Other items of discussion and actions taken included:
* The council approved the proposed year-end transfers for 2016. These transfers would be in addition to funds already spent.
* The council approved Ordinance 1526, pertaining to staff wages and salaries. The proposal incorporates a three percent negotiated raise. Council member Robert Bruce inquired about wages for volunteer firefighters. He was told the city currently budgets about $6,000 for the fire department, and the department has not asked for raises. Council member Aylward noted that the department’s only request is that the city provides them with good equipment.
* The council approved a third extension of the option to purchase with Roto-mix, extending the agreement to Nov. 24, 2018. Mitchell noted that a draft of the Environmental Use Control has been received and the company and the railroad have reviewed it. It was discovered that a portion of the land was not included, however, due to a previous option purchase agreement entered into in 1995. This is not anticipated to hold the process up, however, as the city will provide a long-term lease to the company for that piece of land.
* The consent agenda included the approval of Cereal Malt Beverage renewals from the Tap Room, Cerv’s, Town and Country Supermarket, Casey’s General Store, Cardinal Lanes and Mi Tierra.
* Jim Blackwell, CEO of Clara Barton Hospital, approached the city recently, expressing interest in bringing back the city’s nativity scene. They and Masons will partner on the project. The city located the scene, which had been in storage for some time. They plan to have the scene on display this year, and the hospital will take on the expense of refurbishing it after the holidays so it will be like new next year, Mitchell said. The last time the scene was on display, the baby Jesus was stolen. The city would appreciate any assistance in securing its return.
* The city is looking for a different collections agency to assist in recovering about $100,000 in bad debts.
* Striping on the newly completed Main Street project has been completed, and all retainers have been released.
Council will allow Mitchell to attend a regional meeting of the ICMA representing the State of Kansas in May. ICMA will pay all costs for airfare, room and board and registration for the three day conference.
* A construction company has indicated interest in The Office Tavern property owned by the city on Main Street.
* The HVAC project at the Municipal Complex is nearly completed.
HOISINGTON - When developers of Hoisington’s new Sonic Restaurant began construction earlier this month, it wasn’t long before they ran into an unexpected and expensive problem, City Manager Jonathan Mitchell explained at Monday night’s city council meeting.
Despite the fact that $19,000 was spent on consultations with an environmental engineer prior to construction, workers hit water after digging down less than 10 feet. This required mitigation to the tune of $100,000, he said, prompting a request to the city for assistance. Mitchell met with developers last week, and informed them that while the city would not be in a position to offer outright assistance, other businesses have been granted the option of levying an additional tax to customers over a period of years to help recoup development costs.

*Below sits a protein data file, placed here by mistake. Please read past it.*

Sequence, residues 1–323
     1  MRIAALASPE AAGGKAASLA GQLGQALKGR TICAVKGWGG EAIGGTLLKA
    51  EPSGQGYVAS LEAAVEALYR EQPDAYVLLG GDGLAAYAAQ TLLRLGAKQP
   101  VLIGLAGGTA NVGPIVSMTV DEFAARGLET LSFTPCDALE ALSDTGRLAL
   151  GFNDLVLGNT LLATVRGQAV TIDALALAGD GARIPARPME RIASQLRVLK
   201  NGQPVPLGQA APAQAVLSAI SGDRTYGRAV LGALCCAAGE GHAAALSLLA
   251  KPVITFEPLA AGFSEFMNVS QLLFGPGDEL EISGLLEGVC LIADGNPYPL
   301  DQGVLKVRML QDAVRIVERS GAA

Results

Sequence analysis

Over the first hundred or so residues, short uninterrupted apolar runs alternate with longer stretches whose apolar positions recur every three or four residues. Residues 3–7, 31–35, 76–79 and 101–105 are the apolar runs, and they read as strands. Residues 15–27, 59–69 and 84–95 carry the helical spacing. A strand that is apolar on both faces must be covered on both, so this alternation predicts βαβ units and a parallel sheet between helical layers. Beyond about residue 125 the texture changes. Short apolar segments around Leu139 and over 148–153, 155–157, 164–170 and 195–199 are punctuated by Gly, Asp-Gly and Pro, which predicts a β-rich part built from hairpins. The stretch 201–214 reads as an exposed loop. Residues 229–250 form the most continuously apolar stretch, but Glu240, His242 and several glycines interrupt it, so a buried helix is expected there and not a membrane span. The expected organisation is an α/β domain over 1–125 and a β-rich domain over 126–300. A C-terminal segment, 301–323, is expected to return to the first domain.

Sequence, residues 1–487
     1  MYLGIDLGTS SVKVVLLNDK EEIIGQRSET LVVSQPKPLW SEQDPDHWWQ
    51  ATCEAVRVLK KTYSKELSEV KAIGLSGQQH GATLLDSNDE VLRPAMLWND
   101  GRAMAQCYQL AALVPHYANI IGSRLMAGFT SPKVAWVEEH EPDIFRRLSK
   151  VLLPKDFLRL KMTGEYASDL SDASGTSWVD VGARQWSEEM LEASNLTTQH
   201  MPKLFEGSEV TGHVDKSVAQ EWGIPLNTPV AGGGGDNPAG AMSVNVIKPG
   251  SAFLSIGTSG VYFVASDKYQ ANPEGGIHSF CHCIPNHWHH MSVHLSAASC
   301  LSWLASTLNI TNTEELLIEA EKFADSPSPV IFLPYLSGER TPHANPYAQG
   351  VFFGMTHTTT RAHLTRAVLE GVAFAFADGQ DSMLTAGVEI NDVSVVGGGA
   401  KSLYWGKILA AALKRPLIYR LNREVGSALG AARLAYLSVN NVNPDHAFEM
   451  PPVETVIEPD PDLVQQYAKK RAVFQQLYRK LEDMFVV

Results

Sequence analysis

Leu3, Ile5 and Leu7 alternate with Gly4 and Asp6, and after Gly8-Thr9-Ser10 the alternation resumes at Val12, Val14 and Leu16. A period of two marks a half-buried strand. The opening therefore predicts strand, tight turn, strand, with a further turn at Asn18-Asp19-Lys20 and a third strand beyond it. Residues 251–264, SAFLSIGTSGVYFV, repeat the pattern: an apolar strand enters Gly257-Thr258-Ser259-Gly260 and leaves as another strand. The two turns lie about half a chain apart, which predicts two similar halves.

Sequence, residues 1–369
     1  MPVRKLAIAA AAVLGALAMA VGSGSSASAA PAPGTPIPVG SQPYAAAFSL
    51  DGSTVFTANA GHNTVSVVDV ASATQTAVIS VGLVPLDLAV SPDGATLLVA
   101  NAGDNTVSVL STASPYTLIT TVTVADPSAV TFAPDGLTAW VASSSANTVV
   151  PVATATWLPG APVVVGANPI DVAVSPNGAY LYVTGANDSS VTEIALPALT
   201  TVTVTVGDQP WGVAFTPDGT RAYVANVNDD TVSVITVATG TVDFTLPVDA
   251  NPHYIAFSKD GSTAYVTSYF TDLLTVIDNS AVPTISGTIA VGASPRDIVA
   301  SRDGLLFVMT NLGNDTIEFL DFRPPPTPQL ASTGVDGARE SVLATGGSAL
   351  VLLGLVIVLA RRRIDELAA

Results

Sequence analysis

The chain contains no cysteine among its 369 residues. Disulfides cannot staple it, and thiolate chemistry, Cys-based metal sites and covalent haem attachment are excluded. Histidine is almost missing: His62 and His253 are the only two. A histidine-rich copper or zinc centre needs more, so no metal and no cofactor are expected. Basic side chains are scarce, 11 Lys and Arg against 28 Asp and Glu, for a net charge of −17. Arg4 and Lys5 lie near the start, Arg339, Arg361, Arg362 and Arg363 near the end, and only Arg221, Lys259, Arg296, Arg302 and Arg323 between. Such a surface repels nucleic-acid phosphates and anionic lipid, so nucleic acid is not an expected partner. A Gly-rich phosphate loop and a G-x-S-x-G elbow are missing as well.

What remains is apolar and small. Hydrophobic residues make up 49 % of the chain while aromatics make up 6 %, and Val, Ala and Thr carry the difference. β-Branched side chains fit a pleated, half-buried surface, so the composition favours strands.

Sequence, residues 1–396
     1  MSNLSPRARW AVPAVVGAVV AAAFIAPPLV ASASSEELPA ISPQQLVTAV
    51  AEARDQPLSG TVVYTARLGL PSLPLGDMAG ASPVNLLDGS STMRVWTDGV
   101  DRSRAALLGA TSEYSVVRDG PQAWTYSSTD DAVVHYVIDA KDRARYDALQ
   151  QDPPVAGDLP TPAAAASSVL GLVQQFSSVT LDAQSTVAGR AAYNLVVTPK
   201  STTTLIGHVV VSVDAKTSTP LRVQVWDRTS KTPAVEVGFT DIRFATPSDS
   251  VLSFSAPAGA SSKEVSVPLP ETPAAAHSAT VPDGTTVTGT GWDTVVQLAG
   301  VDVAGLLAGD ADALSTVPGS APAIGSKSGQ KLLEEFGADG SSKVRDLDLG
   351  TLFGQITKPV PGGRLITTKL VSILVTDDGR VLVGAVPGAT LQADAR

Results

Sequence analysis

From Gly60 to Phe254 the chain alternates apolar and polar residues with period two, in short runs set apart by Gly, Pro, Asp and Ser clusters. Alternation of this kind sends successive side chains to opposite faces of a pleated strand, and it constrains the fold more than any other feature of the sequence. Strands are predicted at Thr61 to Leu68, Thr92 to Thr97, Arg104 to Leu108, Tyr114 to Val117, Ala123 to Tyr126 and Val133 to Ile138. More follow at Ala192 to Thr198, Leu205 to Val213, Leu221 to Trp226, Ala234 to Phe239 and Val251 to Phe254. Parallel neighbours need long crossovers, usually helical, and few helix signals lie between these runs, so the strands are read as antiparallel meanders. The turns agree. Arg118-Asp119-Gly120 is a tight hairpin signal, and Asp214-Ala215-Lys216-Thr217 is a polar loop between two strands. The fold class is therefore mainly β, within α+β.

Called a commercial improvement district, the company could charge up to two percent on purchases, and could do so for up to 22 years, or until the cost of the project is recouped, whichever comes first, Mitchell said. The council, noting that other businesses including Casey’s General Store and Kindscher’s Mule Barn both benefit from a similar arrangement, noted they would be receptive to the request should a petition be submitted.
CDBG administrator hired
The council approved hiring North Central Regional Planning Commission as the administrator of the city’s CDBG grant proposal. It was one of four proposals received. At $27,000, it was not the least expensive bid, but Mitchell said it came the most highly recommended. The city’s previous attempt at securing a CDBG grant for a needed lagoon project failed when the previous administrator did not inform survey volunteers proper procedures to complete surveys. NCRPC will coach staff and volunteers ho how to do the survey properly, and will ensure the application process goes smoothly this time, Mitchell said.
Surveying will be done by some city staffers as well as temporary employees, who will be paid $10 an hour. Mitchell has reached out to students in the community urging them to look at the opportunity as a good one to earn some cash over the holiday break. Enough surveys need to be collected to show that 51 percent of the city population falls within the income guidelines for eligibility for the grant.
Proposed fire district looking positive
Mitchell reported talks with the City of Susank and five currently served townships on the proposed fire district are going well. In addition, another city and two additional townships adjacent to the service area have also indicated interest in joining the district should it be formed.
While he did not name the city or township, Mitchell indicated they are located north and west of Hoisington.
All the potential members understand the cost of equipment is going up, he shared, and felt a district would be the fairest way to distribute costs. A rough budget for the potential district would be funded with a 3 to 3.5 mill levy, depending on the number of members.
“If all goes well, Hoisington may not be budgeting for the fire department in 2018,” he said.
The next meeting of the Hoisington City Council will be at 7 p.m. on Tuesday, Dec. 27 at the Hoisington Municipal Complex.